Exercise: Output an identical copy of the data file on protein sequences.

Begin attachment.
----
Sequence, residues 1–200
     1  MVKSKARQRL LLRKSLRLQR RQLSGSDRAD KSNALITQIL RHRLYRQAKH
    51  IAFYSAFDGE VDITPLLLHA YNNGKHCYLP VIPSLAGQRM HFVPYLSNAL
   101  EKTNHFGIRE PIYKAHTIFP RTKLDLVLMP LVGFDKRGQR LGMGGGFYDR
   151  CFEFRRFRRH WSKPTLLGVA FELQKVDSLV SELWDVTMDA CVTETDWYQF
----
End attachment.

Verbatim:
Sequence, residues 1–200
     1  MVKSKARQRL LLRKSLRLQR RQLSGSDRAD KSNALITQIL RHRLYRQAKH
    51  IAFYSAFDGE VDITPLLLHA YNNGKHCYLP VIPSLAGQRM HFVPYLSNAL
   101  EKTNHFGIRE PIYKAHTIFP RTKLDLVLMP LVGFDKRGQR LGMGGGFYDR
   151  CFEFRRFRRH WSKPTLLGVA FELQKVDSLV SELWDVTMDA CVTETDWYQF